Nuts are an important part of a heart-healthy diet, based on a recent study that links regular nut consumption to 14% lower risk of heart disease.
Published in the Journal of the American College of Cardiology, this study explored the impact of nuts—specifically peanuts and walnuts—on heart health. Many studies have linked nut consumption to reduced risk for heart disease and heart events. However, the impact of specific types of nuts on cardiovascular risk is not well understood.
To learn more, researchers analyzed data from three U.S. studies of health professionals from 1980–2013. These studies included the Nurses’ Health Study, Nurses’ Health Study II and the Health Professionals Follow-up Study, all of which surveyed participants about their nut consumption every four years.
Together these studies included nearly 118,000 healthy adults who were free of heart disease at the start of the study.
After following participants for up to 32 years, there were a total of 14,135 cases of heart disease and stroke. Researchers found that participants consuming at least five servings of nuts a week had 14% lower risk of heart disease than those who never ate nuts. More specifically, researchers found that consuming peanuts at least twice a week and walnuts at least once a week was associated with 13–19% lower risk of heart disease.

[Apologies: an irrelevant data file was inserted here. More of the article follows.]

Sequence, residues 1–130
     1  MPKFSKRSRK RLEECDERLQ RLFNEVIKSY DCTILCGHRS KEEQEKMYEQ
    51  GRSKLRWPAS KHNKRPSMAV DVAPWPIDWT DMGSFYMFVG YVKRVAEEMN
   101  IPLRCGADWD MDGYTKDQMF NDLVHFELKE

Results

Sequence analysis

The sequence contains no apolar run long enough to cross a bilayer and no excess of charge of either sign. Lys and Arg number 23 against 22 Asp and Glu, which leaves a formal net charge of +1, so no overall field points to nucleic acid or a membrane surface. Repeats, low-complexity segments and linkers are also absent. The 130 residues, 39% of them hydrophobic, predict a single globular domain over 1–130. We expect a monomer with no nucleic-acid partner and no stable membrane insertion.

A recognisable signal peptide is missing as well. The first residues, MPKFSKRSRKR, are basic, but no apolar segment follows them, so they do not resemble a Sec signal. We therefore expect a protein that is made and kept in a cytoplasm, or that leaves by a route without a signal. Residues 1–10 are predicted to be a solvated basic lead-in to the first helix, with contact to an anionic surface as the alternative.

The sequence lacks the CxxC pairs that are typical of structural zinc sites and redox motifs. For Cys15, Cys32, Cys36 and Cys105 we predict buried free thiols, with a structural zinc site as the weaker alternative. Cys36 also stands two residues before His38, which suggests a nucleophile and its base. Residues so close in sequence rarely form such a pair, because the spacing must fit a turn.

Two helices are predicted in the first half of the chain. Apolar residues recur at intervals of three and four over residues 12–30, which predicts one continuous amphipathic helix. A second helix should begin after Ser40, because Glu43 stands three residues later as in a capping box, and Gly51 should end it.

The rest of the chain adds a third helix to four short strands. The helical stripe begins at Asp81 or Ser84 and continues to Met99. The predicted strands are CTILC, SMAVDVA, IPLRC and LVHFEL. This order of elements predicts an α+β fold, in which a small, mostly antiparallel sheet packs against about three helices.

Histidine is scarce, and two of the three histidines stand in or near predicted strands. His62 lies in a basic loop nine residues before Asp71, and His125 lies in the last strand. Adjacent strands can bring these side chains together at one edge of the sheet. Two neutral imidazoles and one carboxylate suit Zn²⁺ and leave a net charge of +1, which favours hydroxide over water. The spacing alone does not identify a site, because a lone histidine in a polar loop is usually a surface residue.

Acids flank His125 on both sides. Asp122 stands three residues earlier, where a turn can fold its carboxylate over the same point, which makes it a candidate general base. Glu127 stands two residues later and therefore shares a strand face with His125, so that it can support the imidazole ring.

According to authors, findings support current recommendations to increase nut consumption for the prevention of heart disease. Nuts are packed with heart-healthy fats, proteins, vitamins and minerals, and as this study confirms, they may protect heart health as part of a healthy diet.
However, it’s important to watch portion sizes, as one serving size of nuts is relatively small. In this study, one serving equaled one ounce of nuts, which is about one handful. One ounce can contain up to 200 calories. So while nuts are an important part of a heart healthy diet, a little goes a long way in protecting heart health and reducing risk for heart disease.